The Principle of Integral Yoga

When we look back at the history of the practices of Yoga, we find several lines of development. One is to move the consciousness away from focus on the outer world and its events, activities and insistent occupations to focus entirely on entering a status of unity with the Divine, the Absolute, whether conceived of as unmoving or moving, impersonal or personal. Another line of development, particularly in the field of Hatha Yoga, has been to focus on the capacities of the body to reach stages of flexibility, strength, and contained peace beyond what we normally experience in our physical bodies. The traditional path of knowledge uses development of the intellectual capacities to a highest stage of performance to break through the limits of our normal surface intelligence. The traditional path of devotion uses development of the emotional powers to achieve a purity and power of love and devotion far beyond what we call love in our normal lives. The traditional path of works uses development of action in the world to harness the will toward carrying out a divine impulsion or mandate. The way of works includes numerous humanitarian projects such as feeding the hungry or caring for the sick or elderly. All of these are positive and noble endeavors, clearly, and reflect the idealism and dedication of the practitioners of these traditional paths of development.

The integral Yoga seeks to achieve a total transformation of consciousness. The limitations of our physical, vital, emotional and mental consciousness are to be overcome through a transition of the awareness, first inwardly to create a separation from the surface ego-personality and to come in contact with the psychic entity, the true soul, residing deep within each person, and then acting from the flame of aspiration that characterises the soul to shift the standpoint of consciousness upwards, beyond the mental into what would be to us at this point, supra-mental regions of awareness. As a result of these changes, our way of knowing will be transformed from the intellectual, logical process to a knowing through identity that unifies us with the divine and also provides a new motive and power of action in life.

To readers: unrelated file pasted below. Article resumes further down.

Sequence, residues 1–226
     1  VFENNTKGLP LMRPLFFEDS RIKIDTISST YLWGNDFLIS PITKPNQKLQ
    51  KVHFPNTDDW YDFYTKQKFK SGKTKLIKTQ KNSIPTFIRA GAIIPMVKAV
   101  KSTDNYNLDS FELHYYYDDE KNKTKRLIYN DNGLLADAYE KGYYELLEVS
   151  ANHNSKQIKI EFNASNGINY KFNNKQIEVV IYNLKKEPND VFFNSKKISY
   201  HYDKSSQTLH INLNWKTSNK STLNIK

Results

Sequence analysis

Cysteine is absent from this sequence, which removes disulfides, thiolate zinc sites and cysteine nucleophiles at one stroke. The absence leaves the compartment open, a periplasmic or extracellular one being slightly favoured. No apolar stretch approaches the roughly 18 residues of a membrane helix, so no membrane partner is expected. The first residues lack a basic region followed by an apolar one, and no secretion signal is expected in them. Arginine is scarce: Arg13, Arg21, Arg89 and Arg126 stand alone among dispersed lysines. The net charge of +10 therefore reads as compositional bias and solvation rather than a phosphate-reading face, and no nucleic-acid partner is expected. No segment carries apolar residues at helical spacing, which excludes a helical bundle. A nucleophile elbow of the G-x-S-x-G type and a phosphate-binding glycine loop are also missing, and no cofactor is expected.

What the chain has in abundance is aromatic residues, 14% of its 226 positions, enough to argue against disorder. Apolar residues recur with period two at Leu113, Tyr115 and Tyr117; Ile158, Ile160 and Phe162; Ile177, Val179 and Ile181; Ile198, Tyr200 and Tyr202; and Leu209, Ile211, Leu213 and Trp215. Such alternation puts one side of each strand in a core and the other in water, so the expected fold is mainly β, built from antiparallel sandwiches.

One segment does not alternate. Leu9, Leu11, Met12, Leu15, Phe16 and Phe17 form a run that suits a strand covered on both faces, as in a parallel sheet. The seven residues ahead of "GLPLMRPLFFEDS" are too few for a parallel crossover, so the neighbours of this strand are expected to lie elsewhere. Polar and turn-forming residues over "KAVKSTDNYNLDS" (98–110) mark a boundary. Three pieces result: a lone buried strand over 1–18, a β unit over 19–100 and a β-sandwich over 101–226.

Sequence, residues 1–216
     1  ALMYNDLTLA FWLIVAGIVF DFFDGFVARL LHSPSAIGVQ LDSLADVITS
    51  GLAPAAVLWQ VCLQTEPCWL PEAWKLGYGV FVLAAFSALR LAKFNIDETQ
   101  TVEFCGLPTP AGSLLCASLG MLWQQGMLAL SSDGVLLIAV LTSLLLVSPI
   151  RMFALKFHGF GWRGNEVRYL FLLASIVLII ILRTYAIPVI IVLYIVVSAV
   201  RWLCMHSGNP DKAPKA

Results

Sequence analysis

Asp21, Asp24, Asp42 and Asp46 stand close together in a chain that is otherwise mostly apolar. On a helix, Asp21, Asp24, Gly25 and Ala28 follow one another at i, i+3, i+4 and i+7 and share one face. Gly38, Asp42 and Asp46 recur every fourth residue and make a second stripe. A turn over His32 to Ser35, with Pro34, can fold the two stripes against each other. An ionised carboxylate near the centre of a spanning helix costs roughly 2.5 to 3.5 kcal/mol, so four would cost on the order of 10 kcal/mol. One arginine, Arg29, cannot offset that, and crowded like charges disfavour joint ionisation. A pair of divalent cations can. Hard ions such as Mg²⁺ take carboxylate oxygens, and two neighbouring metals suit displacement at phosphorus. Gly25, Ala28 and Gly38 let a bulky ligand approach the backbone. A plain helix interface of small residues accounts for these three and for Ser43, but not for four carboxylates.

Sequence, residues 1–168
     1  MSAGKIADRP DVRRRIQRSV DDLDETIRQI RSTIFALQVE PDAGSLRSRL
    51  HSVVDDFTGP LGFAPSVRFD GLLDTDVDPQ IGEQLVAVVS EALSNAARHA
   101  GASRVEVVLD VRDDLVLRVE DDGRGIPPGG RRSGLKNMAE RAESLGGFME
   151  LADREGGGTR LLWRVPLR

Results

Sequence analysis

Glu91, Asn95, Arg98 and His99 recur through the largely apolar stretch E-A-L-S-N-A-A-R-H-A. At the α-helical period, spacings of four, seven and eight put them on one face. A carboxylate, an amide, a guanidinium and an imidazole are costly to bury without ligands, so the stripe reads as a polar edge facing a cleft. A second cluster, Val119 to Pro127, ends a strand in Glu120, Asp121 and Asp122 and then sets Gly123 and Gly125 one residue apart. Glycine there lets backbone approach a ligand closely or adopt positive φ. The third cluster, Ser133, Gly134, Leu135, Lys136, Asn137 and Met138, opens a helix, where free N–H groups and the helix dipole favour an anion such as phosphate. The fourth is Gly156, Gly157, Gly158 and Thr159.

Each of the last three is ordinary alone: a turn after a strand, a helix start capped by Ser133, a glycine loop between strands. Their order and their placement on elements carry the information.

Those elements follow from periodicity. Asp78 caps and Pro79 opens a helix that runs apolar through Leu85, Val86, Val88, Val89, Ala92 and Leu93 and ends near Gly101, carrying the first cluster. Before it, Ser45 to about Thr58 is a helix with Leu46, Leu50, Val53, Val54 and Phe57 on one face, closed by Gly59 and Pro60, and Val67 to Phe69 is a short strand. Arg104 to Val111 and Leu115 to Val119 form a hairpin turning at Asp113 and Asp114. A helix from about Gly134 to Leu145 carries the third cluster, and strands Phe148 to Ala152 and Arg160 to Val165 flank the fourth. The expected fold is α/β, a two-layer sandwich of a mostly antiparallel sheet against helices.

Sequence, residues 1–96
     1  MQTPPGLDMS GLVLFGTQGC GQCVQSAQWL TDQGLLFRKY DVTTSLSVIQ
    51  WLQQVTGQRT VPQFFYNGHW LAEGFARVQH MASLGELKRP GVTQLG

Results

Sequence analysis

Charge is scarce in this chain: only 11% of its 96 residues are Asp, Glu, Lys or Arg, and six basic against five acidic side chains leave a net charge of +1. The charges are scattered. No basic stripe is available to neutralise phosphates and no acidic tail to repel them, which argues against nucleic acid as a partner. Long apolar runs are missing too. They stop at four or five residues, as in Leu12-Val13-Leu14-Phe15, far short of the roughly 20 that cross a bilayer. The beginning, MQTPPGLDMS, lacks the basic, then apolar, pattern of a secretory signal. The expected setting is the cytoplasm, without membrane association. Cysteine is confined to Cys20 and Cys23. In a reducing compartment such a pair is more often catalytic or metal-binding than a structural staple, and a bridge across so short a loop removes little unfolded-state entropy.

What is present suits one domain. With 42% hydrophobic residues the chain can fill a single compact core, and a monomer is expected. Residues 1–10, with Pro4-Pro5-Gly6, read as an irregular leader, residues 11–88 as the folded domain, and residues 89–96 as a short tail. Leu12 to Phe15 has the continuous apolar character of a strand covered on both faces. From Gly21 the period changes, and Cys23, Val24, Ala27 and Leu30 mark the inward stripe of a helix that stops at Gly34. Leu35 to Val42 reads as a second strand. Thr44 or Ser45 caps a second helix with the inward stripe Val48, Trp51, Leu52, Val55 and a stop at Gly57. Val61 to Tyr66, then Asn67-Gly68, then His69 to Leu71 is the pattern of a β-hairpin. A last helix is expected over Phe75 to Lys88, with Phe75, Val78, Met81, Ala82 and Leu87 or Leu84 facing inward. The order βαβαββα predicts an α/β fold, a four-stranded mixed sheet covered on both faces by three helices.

Sri Aurobindo observes: “…the principle of this Yoga is not perfection of the human nature as it is but a psychic and spiritual transformation of all the parts of the being through the action of an inner consciousness and then of a higher consciousness which works on them, throws out their old movements or changes them into the image of its own and so transmutes lower into higher nature. It is not so much the perfection of the intellect as a transcendence of it, a transformation of the mind, the substitution of a larger greater principle of knowledge — and so with all the rest of the being.”

“This is a slow and difficult process; the road is long and it is hard to establish even the necessary basis. The old existing nature resists and obstructs and difficulties arise one after another and repeatedly till they are overcome. It is therefore necessary to be sure that this is the path to which one is called before one finally decides to tread it.”

Sri Aurobindo, Integral Yoga: Sri Aurobindo’s Teaching and Method of Practice, The Integral Yoga and the Ordinary Life, pp. 9-10

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